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Why does Python attach imported modules to the package? I know I shouldn't worry about this, but just wanted to know if there is any explanation. In the following case, my understanding was that importing logging would add it to the module namespace. So why add it to the package namespace as well?

$ tree -I *.pyc
.
├── pkga
│   ├── __init__.py
│   └── modb.py
└── test.py

$ cat pkga/__init__.py
$
$ cat pkga/modb.py
import logging
import types


$ cat test.py 
import pkga.modb
import pprint
import sys

pprint.pprint(sorted([ x for x in sys.modules.keys() if x.startswith("pkg")]))

$ python test.py 
['pkga', 'pkga.logging', 'pkga.modb', 'pkga.types']
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1 Answer

sys.modules is used as a cache for all imported modules in the interpreter, so it should contain all the modules imported regardless of the location they were imported from.

Edit: Thanks to the comments, I realized that I wasn't answering the real question, which is why pkga.logging and pkga.types are in the list?

As pointed out by @vikki, this prevents problems from happening when using the same module name as some other module in the standard library. For example if logging.py or types.py is created under pkga the keys of sys.modules won't change. However the values for pkga.logging and pkga.types won't be a standard module anymore, but the module implemented in that package.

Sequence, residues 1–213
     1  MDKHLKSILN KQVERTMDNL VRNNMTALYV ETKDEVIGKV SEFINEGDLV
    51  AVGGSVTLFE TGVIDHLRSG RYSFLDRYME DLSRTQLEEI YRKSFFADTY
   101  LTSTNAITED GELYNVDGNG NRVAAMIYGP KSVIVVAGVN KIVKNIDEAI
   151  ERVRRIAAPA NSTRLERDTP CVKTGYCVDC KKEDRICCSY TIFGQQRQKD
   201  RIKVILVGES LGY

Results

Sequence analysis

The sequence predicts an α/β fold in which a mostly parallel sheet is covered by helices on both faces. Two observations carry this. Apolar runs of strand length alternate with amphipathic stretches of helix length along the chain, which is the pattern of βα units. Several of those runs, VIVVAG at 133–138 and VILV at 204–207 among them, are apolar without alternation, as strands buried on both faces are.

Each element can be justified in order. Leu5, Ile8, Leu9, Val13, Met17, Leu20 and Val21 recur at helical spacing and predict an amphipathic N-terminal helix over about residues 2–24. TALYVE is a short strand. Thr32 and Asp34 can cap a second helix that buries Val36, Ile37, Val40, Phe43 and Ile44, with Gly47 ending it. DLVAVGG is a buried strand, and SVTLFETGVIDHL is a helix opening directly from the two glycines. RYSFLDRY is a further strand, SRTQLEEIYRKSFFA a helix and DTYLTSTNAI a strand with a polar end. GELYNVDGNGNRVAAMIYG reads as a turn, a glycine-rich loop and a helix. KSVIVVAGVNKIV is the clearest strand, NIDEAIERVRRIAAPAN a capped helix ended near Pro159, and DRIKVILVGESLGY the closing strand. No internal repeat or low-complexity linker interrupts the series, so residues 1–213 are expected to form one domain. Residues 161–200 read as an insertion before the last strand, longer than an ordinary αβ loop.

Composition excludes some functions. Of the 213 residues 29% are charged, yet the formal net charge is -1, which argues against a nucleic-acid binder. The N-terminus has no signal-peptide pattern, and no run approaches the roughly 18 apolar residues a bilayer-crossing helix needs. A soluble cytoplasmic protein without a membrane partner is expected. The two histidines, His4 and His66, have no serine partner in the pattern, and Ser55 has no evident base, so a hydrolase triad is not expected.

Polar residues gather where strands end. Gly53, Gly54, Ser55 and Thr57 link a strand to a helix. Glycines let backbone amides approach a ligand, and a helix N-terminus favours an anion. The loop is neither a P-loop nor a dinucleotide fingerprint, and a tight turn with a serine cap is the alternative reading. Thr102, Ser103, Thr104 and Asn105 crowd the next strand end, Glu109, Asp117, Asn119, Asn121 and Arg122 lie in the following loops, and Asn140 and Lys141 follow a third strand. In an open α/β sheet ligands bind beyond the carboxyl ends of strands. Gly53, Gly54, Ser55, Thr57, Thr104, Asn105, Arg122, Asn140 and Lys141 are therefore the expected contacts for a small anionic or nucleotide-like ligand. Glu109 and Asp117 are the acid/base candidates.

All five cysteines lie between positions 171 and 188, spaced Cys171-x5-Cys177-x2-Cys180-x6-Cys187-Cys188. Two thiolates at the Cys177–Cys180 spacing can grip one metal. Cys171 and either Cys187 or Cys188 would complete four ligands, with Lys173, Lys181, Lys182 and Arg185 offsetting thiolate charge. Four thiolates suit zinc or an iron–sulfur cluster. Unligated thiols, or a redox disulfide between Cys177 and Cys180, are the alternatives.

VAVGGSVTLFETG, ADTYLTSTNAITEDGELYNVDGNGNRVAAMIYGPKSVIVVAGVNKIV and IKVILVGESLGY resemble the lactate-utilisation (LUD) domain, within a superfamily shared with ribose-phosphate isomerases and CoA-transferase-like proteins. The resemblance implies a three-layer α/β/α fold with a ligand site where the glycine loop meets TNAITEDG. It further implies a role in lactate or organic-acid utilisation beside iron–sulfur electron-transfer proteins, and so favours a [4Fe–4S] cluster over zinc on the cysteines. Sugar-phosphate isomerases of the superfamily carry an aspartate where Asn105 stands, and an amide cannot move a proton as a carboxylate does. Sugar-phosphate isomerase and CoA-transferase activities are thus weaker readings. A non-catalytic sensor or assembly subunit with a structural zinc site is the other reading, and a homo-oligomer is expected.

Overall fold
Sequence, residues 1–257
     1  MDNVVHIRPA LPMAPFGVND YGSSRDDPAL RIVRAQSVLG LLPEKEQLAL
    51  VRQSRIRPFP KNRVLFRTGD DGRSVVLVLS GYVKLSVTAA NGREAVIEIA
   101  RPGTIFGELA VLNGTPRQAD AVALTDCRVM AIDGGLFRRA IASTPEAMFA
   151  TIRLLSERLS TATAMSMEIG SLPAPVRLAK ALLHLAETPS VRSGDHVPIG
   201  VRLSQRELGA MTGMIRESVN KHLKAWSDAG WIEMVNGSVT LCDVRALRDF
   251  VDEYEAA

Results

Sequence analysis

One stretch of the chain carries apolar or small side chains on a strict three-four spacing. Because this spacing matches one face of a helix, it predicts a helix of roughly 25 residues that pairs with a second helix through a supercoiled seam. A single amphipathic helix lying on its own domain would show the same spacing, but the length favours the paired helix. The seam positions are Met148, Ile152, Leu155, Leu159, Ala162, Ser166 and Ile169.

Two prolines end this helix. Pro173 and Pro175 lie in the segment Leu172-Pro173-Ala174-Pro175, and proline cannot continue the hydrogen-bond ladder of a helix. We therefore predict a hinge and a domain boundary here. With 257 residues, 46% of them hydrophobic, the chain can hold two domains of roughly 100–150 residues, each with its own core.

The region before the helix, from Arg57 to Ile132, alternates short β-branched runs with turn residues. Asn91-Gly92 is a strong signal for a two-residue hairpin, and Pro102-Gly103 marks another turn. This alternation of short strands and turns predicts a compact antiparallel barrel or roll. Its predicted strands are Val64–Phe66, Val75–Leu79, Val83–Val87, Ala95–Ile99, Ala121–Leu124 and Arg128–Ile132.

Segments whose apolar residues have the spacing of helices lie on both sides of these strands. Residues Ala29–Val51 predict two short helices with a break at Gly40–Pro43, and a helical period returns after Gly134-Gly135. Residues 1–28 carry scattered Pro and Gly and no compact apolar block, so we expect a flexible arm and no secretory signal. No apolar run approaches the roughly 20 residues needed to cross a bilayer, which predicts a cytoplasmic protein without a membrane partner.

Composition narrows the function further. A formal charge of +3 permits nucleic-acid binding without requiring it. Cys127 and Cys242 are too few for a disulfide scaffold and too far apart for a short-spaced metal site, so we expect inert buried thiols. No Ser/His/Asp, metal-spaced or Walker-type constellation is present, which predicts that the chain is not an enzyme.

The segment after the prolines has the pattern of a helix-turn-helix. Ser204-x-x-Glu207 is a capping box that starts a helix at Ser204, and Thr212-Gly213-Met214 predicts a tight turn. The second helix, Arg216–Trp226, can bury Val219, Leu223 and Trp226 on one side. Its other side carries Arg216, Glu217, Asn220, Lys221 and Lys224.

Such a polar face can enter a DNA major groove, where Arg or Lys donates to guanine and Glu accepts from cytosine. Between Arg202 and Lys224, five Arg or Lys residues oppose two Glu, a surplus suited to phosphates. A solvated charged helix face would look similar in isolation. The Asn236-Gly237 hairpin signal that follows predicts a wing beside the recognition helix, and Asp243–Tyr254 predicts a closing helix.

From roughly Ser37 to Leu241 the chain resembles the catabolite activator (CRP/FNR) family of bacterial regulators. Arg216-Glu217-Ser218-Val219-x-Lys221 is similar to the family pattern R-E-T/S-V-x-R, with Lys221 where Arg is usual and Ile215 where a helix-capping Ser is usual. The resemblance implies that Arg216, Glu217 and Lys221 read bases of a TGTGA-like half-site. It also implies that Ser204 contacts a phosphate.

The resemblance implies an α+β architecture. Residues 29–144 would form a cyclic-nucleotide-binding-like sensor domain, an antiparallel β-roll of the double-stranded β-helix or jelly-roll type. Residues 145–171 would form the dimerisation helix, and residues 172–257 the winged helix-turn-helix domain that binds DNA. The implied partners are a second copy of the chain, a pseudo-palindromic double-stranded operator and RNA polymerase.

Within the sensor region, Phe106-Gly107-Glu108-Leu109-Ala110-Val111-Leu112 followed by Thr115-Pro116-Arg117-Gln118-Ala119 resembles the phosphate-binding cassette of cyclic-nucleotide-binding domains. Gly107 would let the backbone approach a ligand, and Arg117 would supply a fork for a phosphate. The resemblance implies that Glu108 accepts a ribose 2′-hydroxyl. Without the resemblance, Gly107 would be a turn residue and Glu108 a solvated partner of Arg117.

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But then why does it contain pkga.logging and pkga.types instead of just logging and types? –  Ignacio Vazquez-Abrams Feb 9 '12 at 7:29
    
@IgnacioVazquez-Abrams to retain the namespaces. if another module implements a class or function called logging then the application might crash because of confusion –  vikki Feb 9 '12 at 7:39
    
@IgnacioVazquez-Abrams I think vikki is right. If logging.py is created under pkga, sys.modules will have the same key, but pkga.logging would be a completely different module. –  jcollado Feb 9 '12 at 7:45
    
@vikki: How would what's in sys.modules confuse it? –  Ignacio Vazquez-Abrams Feb 9 '12 at 7:47
    
@IgnacioVazquez-Abrams okay assume another module called logger implements a logging function. If both pkga.logging and logger.logging are imported as logging, this would cause confusion in that python wouldn't know which logging to use if you call pkga.logging.function later in your application. –  vikki Feb 9 '12 at 8:05
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